Wenatchee School Board Member Martin Barron Running for Re-Election
Current Wenatchee School board member Martin Barron is running for reelection, choosing to stay while the district undergoes huge changes in the next school year.
Last year, the board replaced their at-large voting system with a regional district voting system, dividing four of the five districts into separate geographic areas and leaving all seats available for newcomers.
This change was made in order to avoid a possible violation of the Washington Voting Rights Act.
Barron is running for the at-large seat, competing against candidates Tricia Cleek and John LaCasse.
Barron has been serving on the board since 2019, and was briefly board president in 2022. He currently sits on the budget committee, policy committee, and the Washington State advisory committee for migrant education.
Before retiring, Barron worked as a chemical engineer, was a development economist in Papua New Guinea, served in Agribusiness Production and Logistics Management in both north and south America, and worked in various finance and administrative positions in Ecuador and Wenatchee.
“I'm aware of cultural differences, I happen to speak Spanish. I worked in agriculture and a variety of other areas,” Barron said. "I think all of those things are complementary, plus my interest in education to what a school district does, so I'm willing to do it without an agenda.”
Barron also served as the Director and Treasurer for Wenatchee Confluence Rotary and volunteered at the district for three decades.
He said that running for another term would provide some stability to the board during this transitional period.
“I wasn't originally intending to run, but it was suggested to me that it would be very helpful for the school district if I carried on running,” Barron said. “It's in a period of transition, so I could add some stability and continuity with my experience and I very much believe in the value of working on the school district. So I was convinced to change my plans and this is the right thing to do.”
Within the past two years, the district has been grappling with declines in student enrollment, resulting in cuts to both staffing and the general budget.
Barron says that he has been working closely with Interim Superintendent Bill Eagle on the 2023-24 budget.
Back in May, Eagle shared that next year’s budget will be $200,000 less than their initial calculated budget.
As a result, the district will be cutting 39 staff positions.
Barron says a cut to staffing is something that will be necessary in order to ensure financial stability.
“So we're a little late in starting the redactions, some mitigation has been possible,” Barron said. “But that's the other factor and it has made a more steeper cut than would have been ideal.”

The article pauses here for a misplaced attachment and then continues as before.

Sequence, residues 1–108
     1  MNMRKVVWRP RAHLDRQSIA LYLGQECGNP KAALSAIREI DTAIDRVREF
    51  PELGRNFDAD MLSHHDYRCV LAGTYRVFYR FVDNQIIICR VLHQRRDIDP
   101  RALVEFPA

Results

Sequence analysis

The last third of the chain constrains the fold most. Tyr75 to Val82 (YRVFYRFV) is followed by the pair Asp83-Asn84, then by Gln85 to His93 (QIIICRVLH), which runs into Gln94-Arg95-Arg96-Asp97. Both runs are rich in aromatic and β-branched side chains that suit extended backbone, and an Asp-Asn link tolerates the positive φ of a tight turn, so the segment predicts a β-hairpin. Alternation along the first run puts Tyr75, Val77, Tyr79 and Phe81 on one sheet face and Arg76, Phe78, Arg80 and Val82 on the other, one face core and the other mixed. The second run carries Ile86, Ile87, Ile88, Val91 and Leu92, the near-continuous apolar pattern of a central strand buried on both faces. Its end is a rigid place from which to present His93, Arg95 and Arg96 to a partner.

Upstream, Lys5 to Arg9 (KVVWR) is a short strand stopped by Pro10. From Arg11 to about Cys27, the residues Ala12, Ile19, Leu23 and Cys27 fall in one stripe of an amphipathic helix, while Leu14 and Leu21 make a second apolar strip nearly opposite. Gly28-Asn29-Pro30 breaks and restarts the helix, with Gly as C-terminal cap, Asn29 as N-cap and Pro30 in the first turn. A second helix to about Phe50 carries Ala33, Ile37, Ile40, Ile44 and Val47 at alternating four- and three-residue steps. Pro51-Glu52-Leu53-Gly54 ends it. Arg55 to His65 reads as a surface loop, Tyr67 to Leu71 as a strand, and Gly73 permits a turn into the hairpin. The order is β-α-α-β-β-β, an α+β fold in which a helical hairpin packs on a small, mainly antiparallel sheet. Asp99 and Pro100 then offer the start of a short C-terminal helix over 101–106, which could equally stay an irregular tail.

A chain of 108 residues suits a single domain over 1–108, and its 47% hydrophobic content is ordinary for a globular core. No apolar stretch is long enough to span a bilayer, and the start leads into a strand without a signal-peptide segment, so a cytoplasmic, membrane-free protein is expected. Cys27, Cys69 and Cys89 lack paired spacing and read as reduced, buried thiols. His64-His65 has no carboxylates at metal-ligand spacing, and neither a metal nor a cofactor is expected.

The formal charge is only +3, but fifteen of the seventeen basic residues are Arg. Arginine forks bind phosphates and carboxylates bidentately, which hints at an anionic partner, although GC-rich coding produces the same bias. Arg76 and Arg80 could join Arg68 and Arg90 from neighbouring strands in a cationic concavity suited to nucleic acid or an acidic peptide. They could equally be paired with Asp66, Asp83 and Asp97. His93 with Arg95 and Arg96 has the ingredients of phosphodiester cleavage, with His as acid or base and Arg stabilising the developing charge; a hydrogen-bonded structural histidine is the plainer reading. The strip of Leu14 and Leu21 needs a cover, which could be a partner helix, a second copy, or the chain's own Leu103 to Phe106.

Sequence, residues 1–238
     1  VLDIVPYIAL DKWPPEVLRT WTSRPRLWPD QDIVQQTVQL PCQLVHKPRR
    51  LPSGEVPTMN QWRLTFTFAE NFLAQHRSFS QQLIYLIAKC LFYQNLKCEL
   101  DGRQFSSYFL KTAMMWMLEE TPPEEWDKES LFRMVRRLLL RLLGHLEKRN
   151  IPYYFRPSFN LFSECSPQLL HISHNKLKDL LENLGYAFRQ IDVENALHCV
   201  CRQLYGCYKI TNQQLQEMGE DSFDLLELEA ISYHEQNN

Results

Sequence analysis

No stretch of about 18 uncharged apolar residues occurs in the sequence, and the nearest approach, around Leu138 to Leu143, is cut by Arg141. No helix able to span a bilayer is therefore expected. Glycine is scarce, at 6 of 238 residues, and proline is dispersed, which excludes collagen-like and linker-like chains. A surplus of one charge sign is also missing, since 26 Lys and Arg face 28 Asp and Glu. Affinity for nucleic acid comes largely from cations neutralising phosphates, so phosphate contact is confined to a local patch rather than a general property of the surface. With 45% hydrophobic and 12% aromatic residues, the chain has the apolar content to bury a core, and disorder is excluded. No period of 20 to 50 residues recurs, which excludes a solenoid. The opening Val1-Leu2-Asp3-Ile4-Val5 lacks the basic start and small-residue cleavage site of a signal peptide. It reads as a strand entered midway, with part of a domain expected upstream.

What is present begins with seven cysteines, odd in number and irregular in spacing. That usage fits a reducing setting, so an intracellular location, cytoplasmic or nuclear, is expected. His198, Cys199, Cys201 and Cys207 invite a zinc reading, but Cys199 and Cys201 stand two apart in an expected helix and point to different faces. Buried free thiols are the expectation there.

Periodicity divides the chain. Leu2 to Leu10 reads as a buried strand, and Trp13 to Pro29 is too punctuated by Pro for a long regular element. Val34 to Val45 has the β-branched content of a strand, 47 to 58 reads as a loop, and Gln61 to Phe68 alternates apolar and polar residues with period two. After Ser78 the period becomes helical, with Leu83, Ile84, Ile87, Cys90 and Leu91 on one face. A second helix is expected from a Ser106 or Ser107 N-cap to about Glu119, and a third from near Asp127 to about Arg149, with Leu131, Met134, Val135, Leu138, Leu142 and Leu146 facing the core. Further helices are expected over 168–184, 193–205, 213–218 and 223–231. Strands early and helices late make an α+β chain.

Barron also said that the district will no longer receive COVID-19 relief funds from the state, which is also leading to a more conservative budget.
Another change coming to the district is that their three-year levy is expiring in less than 18 months, requiring voters to either accept or deny a new levy next year.
Barron said that levy funds finance programs within the district that do not receive state assistance, and if residents vote down the new levy, then they will have to cut certain programs, nor can they revitalize facilities at Wenatchee High School.
“I don't think we can have a backup plan,” Barron said. “The backup plan is not good. We have to work to get it passed.”
Barron says that the district will also need to analyze what education will look like in the future when remodeling Wenatchee High School.
“We need to do the homework on how to do it well, in terms of building capital infrastructure and that's going to be a heavy lift,” Barron said.
He says one of his proudest moments working within the district was making financial literacy courses a graduation requirement for students.
“That's teaching students how to survive in insurance taxes, minding budgets [and] debt after they graduate,” Barron said. “The world is full of the gig economy and independent contractors and people no longer are as sheltered as they were.”
Other changes that could come to students are recent innovations in Artificial Intelligence (AI) and being able to spot misinformation.
Barron stresses the fact that once a new member is elected to the board, they need to act as a cohesive unit alongside the superintendent, and not try to push an agenda.
“It's great to have a range of opinions, in fact it's very helpful to have a range of criteria and opinions on the board,” Barron said. “But go into that board with the idea that you're going to work with your colleagues.”